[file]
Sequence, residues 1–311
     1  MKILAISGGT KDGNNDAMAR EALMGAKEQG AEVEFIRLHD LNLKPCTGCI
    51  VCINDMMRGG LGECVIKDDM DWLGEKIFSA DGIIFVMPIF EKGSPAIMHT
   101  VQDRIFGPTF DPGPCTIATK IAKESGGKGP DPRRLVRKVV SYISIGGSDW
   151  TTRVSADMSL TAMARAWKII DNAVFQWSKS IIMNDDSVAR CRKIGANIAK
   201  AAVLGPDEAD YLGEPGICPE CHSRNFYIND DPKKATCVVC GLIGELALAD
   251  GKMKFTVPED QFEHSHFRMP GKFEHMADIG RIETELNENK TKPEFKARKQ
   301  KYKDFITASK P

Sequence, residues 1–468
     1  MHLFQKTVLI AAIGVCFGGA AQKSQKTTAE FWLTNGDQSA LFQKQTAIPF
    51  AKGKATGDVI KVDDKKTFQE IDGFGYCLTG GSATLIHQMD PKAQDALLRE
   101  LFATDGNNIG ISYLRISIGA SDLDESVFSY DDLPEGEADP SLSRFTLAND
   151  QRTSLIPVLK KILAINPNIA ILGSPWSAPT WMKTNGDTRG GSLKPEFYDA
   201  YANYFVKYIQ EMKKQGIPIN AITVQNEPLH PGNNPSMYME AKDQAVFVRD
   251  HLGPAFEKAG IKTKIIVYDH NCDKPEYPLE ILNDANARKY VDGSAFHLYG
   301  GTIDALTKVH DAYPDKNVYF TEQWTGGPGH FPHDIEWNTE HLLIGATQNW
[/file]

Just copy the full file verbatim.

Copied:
Sequence, residues 1–311
     1  MKILAISGGT KDGNNDAMAR EALMGAKEQG AEVEFIRLHD LNLKPCTGCI
    51  VCINDMMRGG LGECVIKDDM DWLGEKIFSA DGIIFVMPIF EKGSPAIMHT
   101  VQDRIFGPTF DPGPCTIATK IAKESGGKGP DPRRLVRKVV SYISIGGSDW
   151  TTRVSADMSL TAMARAWKII DNAVFQWSKS IIMNDDSVAR CRKIGANIAK
   201  AAVLGPDEAD YLGEPGICPE CHSRNFYIND DPKKATCVVC GLIGELALAD
   251  GKMKFTVPED QFEHSHFRMP GKFEHMADIG RIETELNENK TKPEFKARKQ
   301  KYKDFITASK P

Sequence, residues 1–468
     1  MHLFQKTVLI AAIGVCFGGA AQKSQKTTAE FWLTNGDQSA LFQKQTAIPF
    51  AKGKATGDVI KVDDKKTFQE IDGFGYCLTG GSATLIHQMD PKAQDALLRE
   101  LFATDGNNIG ISYLRISIGA SDLDESVFSY DDLPEGEADP SLSRFTLAND
   151  QRTSLIPVLK KILAINPNIA ILGSPWSAPT WMKTNGDTRG GSLKPEFYDA
   201  YANYFVKYIQ EMKKQGIPIN AITVQNEPLH PGNNPSMYME AKDQAVFVRD
   251  HLGPAFEKAG IKTKIIVYDH NCDKPEYPLE ILNDANARKY VDGSAFHLYG
   301  GTIDALTKVH DAYPDKNVYF TEQWTGGPGH FPHDIEWNTE HLLIGATQNW